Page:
(22)

where

indicates uniform distribution over the set

. Similarly, for the molecular channel,

(23)

For the SBRNN training, each 100-bit sequence is randomly broken into subsequences of length . For all training, the Adam optimization algorithm [64] is used with learning rate of , and batch size of 500. We train on 500k sequences of 100 bits.

Over the next several subsections we evaluate the performance of the SBRNN detector and compare it to that of the VD.

Fig. 8: The BER performance comparison of the SBRNN detector (), the RNN detector, and the VD (). (a) The BER at various for the optical channel with and s. (b) The BER at various for the molecular channel with , , and s. (c) The BER at various for the molecular channel with , , and s.

V-B Effects of Sequence Length, Symbol Duration, and Noise

First, we evaluate the BER performance with respect to the memory length used in the VD, and the sequence length used in the SBRNN. For all the BER performance plots in this section, to calculate the BER, 1000 sequences of 100 random bits are used. Figure 7(a) shows the results for the optical (top plots) and the molecular (bottom plots) channels with the parameters described above. From the results it is clear that the performance of the VD relies heavily on estimating the memory length of the system correctly. We define the memory length as the number of symbol durations it takes for the impulse response to be sufficiently small such that ISI is negligible or, equivalently, such that increasing the memory length of the detector does not decrease BER significantly. For example, let be the peak value of the impulse response. Let , , be the time it takes for impulse response to fall to . Then, for the optical channel in Figure 7(a), the time it takes for the impulse response to fall to 0.01% of is s. Therefore, at a symbol duration of , the memory length is on the order of symbols. From Figure 7(a) it can be seen that the BER performance of the VD with perfect CSI does not improve beyond a negligible amount for . The molecular channel’s impulse response has a much longer tail, where at s it takes 382 symbol durations for the impulse response to fall to 0.1% of the peak value . This is evident in Figure 7(a) where the BER of the VD with perfect CSI always improves as increases.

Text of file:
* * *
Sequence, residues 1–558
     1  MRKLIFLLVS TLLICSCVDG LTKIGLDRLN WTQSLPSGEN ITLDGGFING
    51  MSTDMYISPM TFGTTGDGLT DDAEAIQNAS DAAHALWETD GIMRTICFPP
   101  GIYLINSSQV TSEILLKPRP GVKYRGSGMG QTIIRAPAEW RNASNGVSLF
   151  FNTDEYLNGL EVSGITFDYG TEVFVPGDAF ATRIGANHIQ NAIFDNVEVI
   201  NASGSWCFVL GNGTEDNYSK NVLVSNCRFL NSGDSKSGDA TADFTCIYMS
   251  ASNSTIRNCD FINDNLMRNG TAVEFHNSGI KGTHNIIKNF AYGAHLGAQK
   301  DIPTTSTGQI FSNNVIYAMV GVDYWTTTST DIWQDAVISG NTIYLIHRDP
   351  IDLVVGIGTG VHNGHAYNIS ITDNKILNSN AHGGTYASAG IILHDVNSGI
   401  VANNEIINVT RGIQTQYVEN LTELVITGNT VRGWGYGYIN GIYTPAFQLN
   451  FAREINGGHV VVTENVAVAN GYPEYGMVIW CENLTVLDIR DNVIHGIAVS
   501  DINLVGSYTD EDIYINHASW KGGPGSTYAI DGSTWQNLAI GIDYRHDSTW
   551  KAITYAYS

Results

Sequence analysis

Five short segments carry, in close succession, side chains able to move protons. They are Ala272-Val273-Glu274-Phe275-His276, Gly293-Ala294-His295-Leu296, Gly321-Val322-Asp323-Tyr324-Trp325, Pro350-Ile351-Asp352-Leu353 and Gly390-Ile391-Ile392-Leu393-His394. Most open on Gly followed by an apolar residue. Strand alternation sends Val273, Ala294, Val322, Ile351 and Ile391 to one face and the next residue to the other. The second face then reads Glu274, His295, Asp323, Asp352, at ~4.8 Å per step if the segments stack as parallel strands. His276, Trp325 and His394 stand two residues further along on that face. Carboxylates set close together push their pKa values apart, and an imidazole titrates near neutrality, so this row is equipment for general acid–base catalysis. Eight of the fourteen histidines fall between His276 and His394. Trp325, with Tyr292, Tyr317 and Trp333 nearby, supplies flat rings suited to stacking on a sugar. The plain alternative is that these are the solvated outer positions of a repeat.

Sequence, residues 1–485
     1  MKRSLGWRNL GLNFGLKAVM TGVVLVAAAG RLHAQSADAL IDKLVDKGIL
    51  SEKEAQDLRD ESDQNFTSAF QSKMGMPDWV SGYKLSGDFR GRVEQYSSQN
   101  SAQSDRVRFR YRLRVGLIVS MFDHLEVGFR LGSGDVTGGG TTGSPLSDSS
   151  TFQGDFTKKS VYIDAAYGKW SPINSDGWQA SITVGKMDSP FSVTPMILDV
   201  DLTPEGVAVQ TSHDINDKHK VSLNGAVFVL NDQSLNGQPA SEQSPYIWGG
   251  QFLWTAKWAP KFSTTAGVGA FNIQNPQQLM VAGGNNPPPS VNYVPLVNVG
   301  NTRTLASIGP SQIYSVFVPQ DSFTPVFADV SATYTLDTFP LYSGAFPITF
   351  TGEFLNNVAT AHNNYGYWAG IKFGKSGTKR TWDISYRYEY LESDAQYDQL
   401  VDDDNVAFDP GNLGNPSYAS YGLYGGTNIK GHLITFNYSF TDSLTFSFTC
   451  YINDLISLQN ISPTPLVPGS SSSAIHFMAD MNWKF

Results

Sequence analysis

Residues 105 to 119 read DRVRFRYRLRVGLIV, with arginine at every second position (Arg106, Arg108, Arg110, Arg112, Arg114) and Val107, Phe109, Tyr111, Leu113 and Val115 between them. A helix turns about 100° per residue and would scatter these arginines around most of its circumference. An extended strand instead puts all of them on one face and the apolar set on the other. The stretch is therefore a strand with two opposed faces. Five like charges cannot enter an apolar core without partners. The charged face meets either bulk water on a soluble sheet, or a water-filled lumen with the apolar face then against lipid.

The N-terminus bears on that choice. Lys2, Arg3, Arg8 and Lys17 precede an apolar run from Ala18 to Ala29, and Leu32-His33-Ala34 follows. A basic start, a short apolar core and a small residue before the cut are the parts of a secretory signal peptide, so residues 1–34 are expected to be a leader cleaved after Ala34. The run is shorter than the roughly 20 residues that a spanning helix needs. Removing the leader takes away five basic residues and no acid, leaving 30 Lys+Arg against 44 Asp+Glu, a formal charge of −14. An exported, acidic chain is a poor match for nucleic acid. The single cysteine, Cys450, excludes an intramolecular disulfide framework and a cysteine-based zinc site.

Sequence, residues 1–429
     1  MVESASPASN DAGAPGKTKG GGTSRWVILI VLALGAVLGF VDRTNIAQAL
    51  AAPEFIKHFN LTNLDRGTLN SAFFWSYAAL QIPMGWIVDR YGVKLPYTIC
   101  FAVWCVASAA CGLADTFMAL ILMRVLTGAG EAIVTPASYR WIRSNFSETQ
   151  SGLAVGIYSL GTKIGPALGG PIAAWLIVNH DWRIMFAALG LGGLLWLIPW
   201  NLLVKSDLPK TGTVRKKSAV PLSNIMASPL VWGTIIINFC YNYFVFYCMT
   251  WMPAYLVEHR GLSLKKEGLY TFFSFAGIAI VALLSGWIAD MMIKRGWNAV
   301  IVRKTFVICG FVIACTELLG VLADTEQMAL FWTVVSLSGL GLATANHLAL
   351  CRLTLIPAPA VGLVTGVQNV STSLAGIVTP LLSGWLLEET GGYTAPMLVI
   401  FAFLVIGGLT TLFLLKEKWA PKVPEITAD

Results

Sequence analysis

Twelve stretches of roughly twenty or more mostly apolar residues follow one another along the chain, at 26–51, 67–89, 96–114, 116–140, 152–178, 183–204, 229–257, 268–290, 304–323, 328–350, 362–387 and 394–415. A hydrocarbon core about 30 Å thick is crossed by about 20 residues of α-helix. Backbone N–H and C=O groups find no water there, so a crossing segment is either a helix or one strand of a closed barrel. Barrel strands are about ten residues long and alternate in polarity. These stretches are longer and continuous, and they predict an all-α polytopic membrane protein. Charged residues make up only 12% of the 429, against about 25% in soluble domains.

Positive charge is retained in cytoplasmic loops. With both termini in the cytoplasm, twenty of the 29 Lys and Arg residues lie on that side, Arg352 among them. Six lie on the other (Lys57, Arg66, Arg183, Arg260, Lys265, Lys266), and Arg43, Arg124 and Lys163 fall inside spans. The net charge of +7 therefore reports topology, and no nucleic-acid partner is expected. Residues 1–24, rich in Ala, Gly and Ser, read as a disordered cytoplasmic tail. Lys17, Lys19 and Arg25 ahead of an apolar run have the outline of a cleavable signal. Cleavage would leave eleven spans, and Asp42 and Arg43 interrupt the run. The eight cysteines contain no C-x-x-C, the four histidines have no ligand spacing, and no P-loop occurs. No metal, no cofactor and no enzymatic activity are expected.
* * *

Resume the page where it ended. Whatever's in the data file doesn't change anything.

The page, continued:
Figure 7(a) also demonstrates that if the estimate of is inaccurate, the SBRNN algorithm outperforms the VD with perfect CSI. We also observe that the SBRNN achieves a better BER when there is a CSI estimation error of 2.5% or more. Note that the RNN detector does not have a parameter that depends on the memory length and has a significantly larger BER compared to the SBRNN. For the optical channel, the RNN detector outperforms the VD with 5% error in CSI estimation. Moreover, it can seen that the optical channel has a shorter memory length compared to the molecular channel.